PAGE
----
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Keeping Sherman Green

When it opened in January of 2013, the Albert Sherman Center (ASC) was the greenest building on campus, achieving LEED Gold certification from the U.S. Green Building Council. Living up to that standard, for the benefit of the environment and cost savings, remains an ongoing challenge.

Some of the challenges faced and solutions developed by the UMass Chan facilities team to improve efficiency at the ASC were presented on March 15, 2016 at the Green Labs Symposium sponsored by the Boston Green Ribbon Commission and hosted by Harvard University. 

“This is the second year we were invited to present at this conference, which I think is important because these green lab buildings are extremely complex and by sharing our experiences, and hearing from others who face similar challenges, we are able to advance best practices and have a broader impact,” said Suzanne Wood, sustainability and energy manager at UMass Chan, who is also a LEED Green Associate.

While they have great potential, driven by innovative design and advanced technologies, so-called “green buildings” can fall out of balance and consume more energy than expected. Furthermore, sometimes the early application of advanced building technology does not produce the complete savings expected, so the systems may need to be modified.

After monitoring the actual energy consumption at the Sherman Center for several months post-occupancy, the facilities team found the building was using more chilled water and steam than predicted. “What we are learning is that the energy modeling used in the design phase doesn’t always match the actual operation of the building,”  said David MacNeil, PE, senior mechanical project manager at UMass Chan.

MacNeil and the school’s building commissioning consultant studied operational data generated by the Sherman Center’s energy management system. That analysis exposed several operational issues that were wasting energy, chief among them was simultaneous heating and cooling of air being delivered to occupied spaces.

At issue were the heat recovery wheels built into the HVAC system as an energy efficiency feature. When working properly, the massive rotating wheels allow the system to exhaust stale air and draw in fresh air while retaining most of the heat in the building.  That saves a lot of energy when it’s cold outside, but it turned out that in warm weather the wheels did not come to a complete stop. Because they continued rotating, albeit slowly, the wheels heated already warm fresh air to the point where the building’s air cooling system had to chill it down before delivering the air to offices and labs.

“Simultaneous heating and cooling is not something occupants would notice,” MacNeil said. “As long as people are comfortable, and not hearing excessive noise from the mechanical systems, then they don’t realize anything is wrong.”

MacNeil said there was no clear reason why the wheels remained in motion, so the control system was adjusted so that the wheels now come to a complete stop when appropriate. Also, the temperature set-points for when the wheels start and stop were broadened by several degrees.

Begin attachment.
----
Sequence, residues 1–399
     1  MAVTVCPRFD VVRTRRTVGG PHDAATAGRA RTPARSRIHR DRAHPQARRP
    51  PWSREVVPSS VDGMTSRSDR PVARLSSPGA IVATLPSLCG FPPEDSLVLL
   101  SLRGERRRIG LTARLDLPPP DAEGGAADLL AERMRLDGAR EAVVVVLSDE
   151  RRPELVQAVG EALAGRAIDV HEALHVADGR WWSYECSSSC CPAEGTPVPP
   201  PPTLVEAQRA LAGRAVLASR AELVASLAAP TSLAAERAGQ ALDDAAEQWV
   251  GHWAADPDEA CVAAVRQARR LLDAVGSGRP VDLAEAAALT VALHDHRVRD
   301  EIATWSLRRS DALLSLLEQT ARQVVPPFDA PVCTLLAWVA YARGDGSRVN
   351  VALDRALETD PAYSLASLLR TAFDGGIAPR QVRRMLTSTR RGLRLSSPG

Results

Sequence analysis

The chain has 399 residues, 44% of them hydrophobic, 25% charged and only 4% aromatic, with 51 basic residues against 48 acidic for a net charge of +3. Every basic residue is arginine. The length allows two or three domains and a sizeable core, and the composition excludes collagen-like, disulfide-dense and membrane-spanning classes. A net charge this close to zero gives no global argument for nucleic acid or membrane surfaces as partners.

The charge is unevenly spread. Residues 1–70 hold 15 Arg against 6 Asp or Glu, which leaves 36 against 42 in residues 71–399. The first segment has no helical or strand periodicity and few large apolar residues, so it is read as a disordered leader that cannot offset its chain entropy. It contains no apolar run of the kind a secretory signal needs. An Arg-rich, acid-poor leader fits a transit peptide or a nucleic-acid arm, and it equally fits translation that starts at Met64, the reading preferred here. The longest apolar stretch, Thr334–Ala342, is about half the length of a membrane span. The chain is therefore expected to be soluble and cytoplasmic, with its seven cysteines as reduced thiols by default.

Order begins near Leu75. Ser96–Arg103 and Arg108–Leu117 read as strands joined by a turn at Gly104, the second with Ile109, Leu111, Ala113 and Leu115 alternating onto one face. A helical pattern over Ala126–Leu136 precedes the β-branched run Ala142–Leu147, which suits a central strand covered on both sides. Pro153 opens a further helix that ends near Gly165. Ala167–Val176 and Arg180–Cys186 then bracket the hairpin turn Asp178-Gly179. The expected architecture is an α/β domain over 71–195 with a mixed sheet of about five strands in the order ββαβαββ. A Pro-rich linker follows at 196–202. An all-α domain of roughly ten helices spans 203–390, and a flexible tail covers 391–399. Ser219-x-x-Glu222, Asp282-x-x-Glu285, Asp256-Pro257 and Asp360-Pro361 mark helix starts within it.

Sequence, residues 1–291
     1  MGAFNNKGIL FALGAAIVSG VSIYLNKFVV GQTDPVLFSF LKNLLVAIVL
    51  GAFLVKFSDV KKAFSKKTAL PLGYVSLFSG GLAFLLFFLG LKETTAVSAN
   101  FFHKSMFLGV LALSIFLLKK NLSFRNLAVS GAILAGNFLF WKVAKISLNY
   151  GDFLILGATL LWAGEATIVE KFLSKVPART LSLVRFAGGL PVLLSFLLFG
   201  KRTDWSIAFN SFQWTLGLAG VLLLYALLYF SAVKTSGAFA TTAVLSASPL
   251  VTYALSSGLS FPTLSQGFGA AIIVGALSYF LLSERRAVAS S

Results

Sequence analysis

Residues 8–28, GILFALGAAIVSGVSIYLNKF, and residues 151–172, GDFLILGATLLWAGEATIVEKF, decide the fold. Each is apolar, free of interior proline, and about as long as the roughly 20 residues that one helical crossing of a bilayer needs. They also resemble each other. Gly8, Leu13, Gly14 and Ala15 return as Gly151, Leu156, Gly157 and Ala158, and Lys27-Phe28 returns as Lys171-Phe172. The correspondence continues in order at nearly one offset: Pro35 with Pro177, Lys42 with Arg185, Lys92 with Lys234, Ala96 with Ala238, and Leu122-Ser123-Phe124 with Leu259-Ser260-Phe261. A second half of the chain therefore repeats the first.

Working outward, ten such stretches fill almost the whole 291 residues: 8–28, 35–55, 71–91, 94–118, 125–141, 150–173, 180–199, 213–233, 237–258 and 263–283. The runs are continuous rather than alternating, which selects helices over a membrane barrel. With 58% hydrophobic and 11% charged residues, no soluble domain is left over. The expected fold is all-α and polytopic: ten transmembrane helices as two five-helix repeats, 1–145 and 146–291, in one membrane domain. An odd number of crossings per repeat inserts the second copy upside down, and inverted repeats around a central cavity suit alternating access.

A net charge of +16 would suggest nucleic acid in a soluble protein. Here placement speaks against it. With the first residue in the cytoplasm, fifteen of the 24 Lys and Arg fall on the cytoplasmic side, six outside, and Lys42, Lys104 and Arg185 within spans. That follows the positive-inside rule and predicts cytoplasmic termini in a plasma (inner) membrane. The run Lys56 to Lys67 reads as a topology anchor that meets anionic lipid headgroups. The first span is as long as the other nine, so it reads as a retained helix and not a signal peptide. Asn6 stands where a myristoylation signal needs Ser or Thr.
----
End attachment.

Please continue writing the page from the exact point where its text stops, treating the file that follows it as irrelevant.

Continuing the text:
Another major improvement was realized when the amount of air flowing through the office areas of the building was reduced by approximately one-third. “There was no impact on comfort or air quality,” MacNeil said. “When I looked at the data, it was clear that we were exchanging too much air, well beyond what we needed to.”

UMass Chan facilities management and the engineering team continue to monitor ASC operations and will implement additional energy conservation measures (ECMs) as they are identified through fault diagnostic software installed in the building. They are currently studying the occupancy/vacancy sensors in several areas of the building to see if they can be used more effectively. Steam usage and the accuracy of the steam meters in the building are also under review. “Overall, the Sherman Center is still a very efficient building,” MacNeil said. “And we are moving in the right direction to achieve more savings.”

In addition to the energy efficient systems, the Sherman Center was certified LEED Gold for several measures, including the use of recycled steel at its core, wood finishes harvested from certified sustainable forests; carpets and textiles made from recycled fibers; and low-flow plumbing fixtures used in most areas. Rainwater from the roof and condensate water from the heating and cooling systems is captured and reused by the campus power plant, saving hundreds of thousands of gallons of fresh water each year.

The orientation of the Sherman Center, and the exterior materials used, contribute significantly to the building’s efficiency. On the north side of the building, where the laboratories are located, the façade is mostly glass, with long windows designed to allow in as much natural light as possible. On the south side of the building, the windows have external baffles, or sun-shades, designed to block much of the heat energy of the sun’s rays and to bounce some of the light up to the interior ceilings of the offices and educational spaces. The glass on the south side is also slightly more reflective than the rest of the building to further minimize solar glare and heat gain. The building’s roof is white and gray, and the exterior terracotta lightly colored, so the surfaces reflect rather that absorb heat. The result is an exterior envelope that helps reduce the need for electric lighting, heating and cooling of the facility.